Mr. Levinson has written what I think is an interesting and even usually lively book of non-fiction. Some of the labor history seemed dry to me, but might not be to an economist; it was at least necessary. I would have liked a few maps and drawings. I would have liked to know more about freight consolidators away from the ports. I would have liked to have heard more about the intermodal interface. I would have liked to learn about how rail yards move and load containers. And a few other things. But the book was still rich with the tale, and I'm glad to have spent a few days with it. ( )
1 vote Mr.Durick | Oct 11, 2013 |
Useful and thorough, Levinson has obviously read everything on the subject.
The writing is dense and hard to follow at times, and the lack of an overall
economic view of containers is noteworthy. He has a few comments but clearly containerization reduced the cost of trade by 90%-95% and led to the globalized economy we now have. Very good on McLean and the origins of the industry. Should be read in conjunction with Sharpsteen's The Docks which focuses on one port and its current activities. ( )
  annbury | Apr 15, 2013 |
Call this an examination of how the right innovation at the right time can have a catalytic impact, as a cadre of determined businessman (most notably one Malcom McLean of the United States) sought to wring profits from a stagnant industry and helped to unleash a revolution. The question is unanswerable whether the box begot globalization or whether globalization would have called forth some comparable innovation, but it is certainly now the symbol of the global world economic order. If Levinson does nothing else he reminds one of the deep inefficiencies represented by the world of manually-loaded tramp steamers, the stagnant communities that served the industry, and the out-date regulations that constrained trade. While one can denounce the spirit of deregulation now run rampant, it's good to be reminded that this spirit had real justification a generation ago. The question that Levinson can't answer is whether this revolution has so refined itself that it is now set for its own unforeseen systemic failure. ( )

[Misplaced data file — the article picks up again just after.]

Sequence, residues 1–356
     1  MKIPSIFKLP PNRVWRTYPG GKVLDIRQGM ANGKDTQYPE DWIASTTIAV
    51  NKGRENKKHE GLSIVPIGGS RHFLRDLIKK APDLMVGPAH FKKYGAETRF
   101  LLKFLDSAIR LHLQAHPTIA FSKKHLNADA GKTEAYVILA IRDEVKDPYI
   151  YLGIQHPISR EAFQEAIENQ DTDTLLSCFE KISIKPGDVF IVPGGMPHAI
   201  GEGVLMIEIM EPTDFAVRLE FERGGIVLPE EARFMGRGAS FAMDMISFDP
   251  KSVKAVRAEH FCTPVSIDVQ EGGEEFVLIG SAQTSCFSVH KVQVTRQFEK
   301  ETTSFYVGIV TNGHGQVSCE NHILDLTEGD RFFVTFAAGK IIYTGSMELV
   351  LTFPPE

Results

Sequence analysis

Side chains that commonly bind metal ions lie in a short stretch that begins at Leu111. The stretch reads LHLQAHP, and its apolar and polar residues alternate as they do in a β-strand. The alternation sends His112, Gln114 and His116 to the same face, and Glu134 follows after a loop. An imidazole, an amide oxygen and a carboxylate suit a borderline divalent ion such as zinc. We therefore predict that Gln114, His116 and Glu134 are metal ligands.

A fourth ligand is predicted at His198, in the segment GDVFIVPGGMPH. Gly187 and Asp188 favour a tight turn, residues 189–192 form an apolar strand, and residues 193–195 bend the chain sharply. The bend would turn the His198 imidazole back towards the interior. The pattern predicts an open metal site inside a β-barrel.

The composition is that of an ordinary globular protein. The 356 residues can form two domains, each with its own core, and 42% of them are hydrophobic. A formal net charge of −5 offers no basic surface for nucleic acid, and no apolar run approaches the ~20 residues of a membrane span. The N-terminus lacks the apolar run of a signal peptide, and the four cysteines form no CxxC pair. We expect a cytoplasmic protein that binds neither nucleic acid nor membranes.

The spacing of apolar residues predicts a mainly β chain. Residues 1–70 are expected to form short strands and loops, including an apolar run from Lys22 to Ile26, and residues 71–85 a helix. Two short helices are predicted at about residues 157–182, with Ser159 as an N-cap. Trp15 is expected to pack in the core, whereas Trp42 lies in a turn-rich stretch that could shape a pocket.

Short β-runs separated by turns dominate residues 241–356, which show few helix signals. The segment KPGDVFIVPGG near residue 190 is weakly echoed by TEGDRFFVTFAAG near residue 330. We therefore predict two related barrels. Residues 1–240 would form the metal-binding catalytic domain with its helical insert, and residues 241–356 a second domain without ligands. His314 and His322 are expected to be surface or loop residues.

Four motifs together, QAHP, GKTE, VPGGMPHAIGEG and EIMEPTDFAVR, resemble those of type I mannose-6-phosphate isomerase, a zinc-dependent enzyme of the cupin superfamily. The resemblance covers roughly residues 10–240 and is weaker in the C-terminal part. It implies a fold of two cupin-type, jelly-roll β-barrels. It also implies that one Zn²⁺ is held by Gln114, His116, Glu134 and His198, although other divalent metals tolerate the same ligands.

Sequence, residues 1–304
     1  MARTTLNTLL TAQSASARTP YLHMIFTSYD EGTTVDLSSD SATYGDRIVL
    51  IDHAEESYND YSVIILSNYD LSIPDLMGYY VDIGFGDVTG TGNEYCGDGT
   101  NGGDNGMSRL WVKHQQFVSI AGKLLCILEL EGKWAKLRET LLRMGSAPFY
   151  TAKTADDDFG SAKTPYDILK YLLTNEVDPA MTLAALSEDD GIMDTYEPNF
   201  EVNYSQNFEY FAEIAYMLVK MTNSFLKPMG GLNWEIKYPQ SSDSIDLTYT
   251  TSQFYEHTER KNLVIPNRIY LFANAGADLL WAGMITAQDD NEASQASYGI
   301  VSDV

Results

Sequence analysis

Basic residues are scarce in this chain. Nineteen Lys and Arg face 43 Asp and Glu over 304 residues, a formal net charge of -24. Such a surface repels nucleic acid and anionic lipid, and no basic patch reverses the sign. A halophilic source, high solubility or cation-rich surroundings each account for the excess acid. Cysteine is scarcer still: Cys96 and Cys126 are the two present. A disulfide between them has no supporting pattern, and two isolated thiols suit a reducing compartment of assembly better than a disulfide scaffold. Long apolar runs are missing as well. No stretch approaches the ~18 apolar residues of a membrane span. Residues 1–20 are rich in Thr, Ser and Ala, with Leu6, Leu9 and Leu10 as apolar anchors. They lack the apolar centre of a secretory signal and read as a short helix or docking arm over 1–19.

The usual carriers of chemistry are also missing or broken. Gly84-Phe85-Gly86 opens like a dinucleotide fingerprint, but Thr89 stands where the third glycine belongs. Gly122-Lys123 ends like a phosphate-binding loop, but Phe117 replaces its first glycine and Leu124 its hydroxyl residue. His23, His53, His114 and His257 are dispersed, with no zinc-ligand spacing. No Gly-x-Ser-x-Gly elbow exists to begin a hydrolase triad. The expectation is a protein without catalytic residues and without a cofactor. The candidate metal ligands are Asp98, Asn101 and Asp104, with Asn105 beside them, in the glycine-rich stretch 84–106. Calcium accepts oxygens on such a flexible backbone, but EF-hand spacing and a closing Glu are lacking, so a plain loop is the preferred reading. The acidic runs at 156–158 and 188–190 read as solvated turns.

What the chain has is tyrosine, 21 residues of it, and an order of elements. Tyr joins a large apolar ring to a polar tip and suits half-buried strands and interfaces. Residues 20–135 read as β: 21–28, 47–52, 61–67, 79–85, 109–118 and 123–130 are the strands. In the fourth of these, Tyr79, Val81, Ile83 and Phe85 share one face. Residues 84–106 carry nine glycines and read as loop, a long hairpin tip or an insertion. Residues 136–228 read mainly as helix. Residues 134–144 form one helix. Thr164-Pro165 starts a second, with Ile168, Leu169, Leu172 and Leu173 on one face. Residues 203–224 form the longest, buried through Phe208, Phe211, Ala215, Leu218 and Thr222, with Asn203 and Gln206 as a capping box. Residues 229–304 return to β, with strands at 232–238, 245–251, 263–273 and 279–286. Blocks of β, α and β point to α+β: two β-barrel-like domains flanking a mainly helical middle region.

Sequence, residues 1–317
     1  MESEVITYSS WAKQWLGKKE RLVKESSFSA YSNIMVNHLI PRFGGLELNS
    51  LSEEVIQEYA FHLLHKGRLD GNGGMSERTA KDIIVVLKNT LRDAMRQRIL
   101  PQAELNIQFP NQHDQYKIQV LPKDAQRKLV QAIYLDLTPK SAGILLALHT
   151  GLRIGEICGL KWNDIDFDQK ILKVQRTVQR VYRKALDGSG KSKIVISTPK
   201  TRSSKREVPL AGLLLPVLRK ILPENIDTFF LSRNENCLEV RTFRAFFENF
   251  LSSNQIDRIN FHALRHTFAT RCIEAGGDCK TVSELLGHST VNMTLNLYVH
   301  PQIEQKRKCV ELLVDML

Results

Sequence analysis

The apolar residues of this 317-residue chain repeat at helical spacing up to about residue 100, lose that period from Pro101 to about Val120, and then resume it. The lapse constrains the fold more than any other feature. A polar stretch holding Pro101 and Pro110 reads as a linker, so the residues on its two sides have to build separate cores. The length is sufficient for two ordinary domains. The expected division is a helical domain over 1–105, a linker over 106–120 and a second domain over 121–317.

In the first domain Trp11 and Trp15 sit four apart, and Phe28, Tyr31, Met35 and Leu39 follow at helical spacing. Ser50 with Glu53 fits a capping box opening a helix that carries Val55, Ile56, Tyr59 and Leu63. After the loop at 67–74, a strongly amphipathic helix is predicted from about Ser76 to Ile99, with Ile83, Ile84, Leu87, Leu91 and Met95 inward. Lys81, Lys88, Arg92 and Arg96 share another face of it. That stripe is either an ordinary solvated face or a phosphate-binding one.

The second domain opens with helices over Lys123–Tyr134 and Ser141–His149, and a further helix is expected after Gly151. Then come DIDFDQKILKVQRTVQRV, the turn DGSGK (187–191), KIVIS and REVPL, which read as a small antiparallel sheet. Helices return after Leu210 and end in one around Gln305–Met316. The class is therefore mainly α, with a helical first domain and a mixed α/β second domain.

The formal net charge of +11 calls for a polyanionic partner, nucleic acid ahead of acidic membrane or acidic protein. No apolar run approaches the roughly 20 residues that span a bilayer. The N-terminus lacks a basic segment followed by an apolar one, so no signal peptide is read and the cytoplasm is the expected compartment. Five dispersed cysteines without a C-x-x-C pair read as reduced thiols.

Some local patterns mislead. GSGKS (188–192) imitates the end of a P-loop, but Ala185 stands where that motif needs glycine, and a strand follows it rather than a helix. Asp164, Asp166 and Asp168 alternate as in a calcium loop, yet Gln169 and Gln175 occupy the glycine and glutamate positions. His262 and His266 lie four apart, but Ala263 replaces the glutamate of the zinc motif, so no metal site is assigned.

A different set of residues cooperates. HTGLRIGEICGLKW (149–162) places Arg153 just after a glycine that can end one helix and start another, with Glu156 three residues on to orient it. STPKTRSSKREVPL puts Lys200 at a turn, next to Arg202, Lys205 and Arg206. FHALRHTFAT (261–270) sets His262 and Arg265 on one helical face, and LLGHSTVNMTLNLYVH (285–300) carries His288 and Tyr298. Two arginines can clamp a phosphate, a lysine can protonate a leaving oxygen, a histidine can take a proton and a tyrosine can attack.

Shrike58 | Jun 27, 2012 |
per WSJ 4/12/06
  namfos | Sep 8, 2011 |
On seeing this book my wife exclaimed “I can’t believe you bought a book about shipping containers!” - which, translated, meant “I can believe you bought a book about shipping containers, and I still wonder daily how it is that we ended up together.” The reason I bought it, of course, is that it sounded like a fascinating and very readable history of the development of container shipping, and the effect this has had on the global economy. Thankfully I was right - it is both fascinating and very readable.